Maybe just like you, at first we didn't have a darn clue about how to build a website, nevermind write half a line of code if our life depended on it! We wanted to build a website to start a side business, and felt overwhelmed, confused & scared about how to actually do it, which builder to use, and making wrong decisions. After years of trials & errors using different website builders, we're here to share our experiences with you.

The first trial in a website accessibility lawsuit took place in 2017. Florida U.S. District Judge Scola presided over this bench trial and concluded that grocer Winn Dixie had violated Title III of the ADA by having an inaccessible website.  Judge Scola also found that the $250,000 cost to remediate Winn Dixie’s website was not an “undue burden” and ordered Winn Dixie to make its website conform with the Web Content Accessibility Guidelines 2.0 AA (WCAG 2.0 AA).
Tennessee v. Lane[80], 541 U.S. 509 (2004), was a case in the Supreme Court of the United States involving Congress's enforcement powers under section 5 of the Fourteenth Amendment. George Lane was unable to walk after a 1997 car accident in which he was accused of driving on the wrong side of the road. A woman was killed in the crash, and Lane faced misdemeanor charges of reckless driving. The suit was brought about because he was denied access to appear in criminal court because the courthouse had no elevator, even though the court was willing to carry him up the stairs and then willing to move the hearing to the first floor. He refused, citing he wanted to be treated as any other citizen, and was subsequently charged with failure to appear, after appearing at a previous hearing where he dragged himself up the stairs.[81] The court ruled that Congress did have enough evidence that the disabled were being denied those fundamental rights that are protected by the Due Process clause of the Fourteenth Amendment and had the enforcement powers under section 5 of the Fourteenth Amendment. It further ruled that "reasonable accommodations" mandated by the ADA were not unduly burdensome and disproportionate to the harm.[82]
While legal considerations might be your biggest worry, making your site more accessible is simply good customer service. More than 39 million Americans are blind and another 246 million have "low vision," Another one million are deaf in the U.S. Add to that people with mobility issues that prevent them from using their hands and that's a huge portion of the country's buying power.

First, these lawsuits will be very easy for plaintiffs to work up. The plaintiffs do not need any site inspection, experts or research. They can just surf the web from the convenience of their homes or offices. Marty says the "surf by" complaints could dwarf the "drive by" ADA lawsuits that looked for missing accessible parking spaces and other readily visible shortcomings.
Absent the adoption of specific technical requirements for websites through rulemaking, public accommodations have flexibility in how to comply with the ADA’s general requirements of nondiscrimination and effective communication. Accordingly, noncompliance with a voluntary technical standard for website accessibility does not necessarily indicate noncompliance with the ADA.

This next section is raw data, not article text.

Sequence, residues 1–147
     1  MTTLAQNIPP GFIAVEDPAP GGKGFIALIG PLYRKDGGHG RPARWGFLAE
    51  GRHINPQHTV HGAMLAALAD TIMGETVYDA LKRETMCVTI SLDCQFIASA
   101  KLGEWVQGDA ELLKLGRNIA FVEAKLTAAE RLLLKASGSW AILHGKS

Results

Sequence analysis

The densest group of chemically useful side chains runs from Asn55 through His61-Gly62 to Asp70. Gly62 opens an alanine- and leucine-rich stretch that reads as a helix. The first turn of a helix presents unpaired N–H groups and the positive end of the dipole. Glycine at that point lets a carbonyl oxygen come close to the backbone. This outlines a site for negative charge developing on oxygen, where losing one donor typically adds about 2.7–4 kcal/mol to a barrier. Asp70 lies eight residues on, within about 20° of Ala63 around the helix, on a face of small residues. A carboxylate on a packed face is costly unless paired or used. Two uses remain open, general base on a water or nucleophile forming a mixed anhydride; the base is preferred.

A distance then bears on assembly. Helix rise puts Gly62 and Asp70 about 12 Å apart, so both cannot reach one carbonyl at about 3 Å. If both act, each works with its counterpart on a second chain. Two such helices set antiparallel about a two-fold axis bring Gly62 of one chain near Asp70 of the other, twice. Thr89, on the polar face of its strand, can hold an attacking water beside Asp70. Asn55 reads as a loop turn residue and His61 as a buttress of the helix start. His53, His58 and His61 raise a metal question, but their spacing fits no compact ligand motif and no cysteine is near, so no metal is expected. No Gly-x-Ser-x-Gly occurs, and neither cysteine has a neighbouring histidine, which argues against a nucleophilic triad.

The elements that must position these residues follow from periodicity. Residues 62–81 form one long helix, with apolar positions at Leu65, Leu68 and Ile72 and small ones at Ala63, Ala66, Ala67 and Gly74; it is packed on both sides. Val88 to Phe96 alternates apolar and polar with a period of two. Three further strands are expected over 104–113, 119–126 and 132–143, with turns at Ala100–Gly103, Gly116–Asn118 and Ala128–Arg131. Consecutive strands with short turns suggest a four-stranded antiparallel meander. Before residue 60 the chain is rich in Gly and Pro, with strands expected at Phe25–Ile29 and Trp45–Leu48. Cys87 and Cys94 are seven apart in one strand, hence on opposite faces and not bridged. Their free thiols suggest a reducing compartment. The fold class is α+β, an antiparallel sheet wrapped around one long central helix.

I am a graphic and web designer based in Southern Florida. Over the last 10 years, I’ve had the opportunity to make web designs for several companies and countless industries; which has given me my strong extensive web designing knowledge and technical skills, I have also earned a degree in web design and graphics. My specialties include web design, Wix websites (including mobile), SEO and marketing material such as brochures, catalogs, banners, banner ads, emails, flyers pdf’s (including ebooks), social media graphics, business cards, branding, and album art. My favorite projects includes Wix web design (in which I have earned Wix...
Since March 15, 2012, ADA compliance with the 2010 Standards will be required for new construction and alterations. In the period between September 15, 2010 and March 15, 2012, covered entities may choose between the 1991 Standards ADA Compliance (without the elevator exemption for Title II facilities), the Uniform Federal Accessibility Standards (Title II facilities only), and the 2010 Standards ADA Compliance.
The first trial in a website accessibility lawsuit took place in 2017. Florida U.S. District Judge Scola presided over this bench trial and concluded that grocer Winn Dixie had violated Title III of the ADA by having an inaccessible website.  Judge Scola also found that the $250,000 cost to remediate Winn Dixie’s website was not an “undue burden” and ordered Winn Dixie to make its website conform with the Web Content Accessibility Guidelines 2.0 AA (WCAG 2.0 AA).
President George H.W. Bush signed the Americans with Disabilities Act into law July 26, 1990. The ADA prohibits discrimination of people with disabilities and guarantees the same opportunities as everyone else. These opportunities include employment possibilities, purchasing of goods and services and the ability to participate in State and local government programs.
In 2001, for men of all working ages and women under 40, Current Population Survey data showed a sharp drop in the employment of disabled workers, leading at least two economists to attribute the cause to the Act.[52] By contrast, a study in 2003 found that while the Act may have led to short term reactions by employers, in the long term, there were either positive or neutral consequences for wages and employment.[53] In 2005 the rate of employment among disabled people increased to 45% of the population of disabled people.[54]
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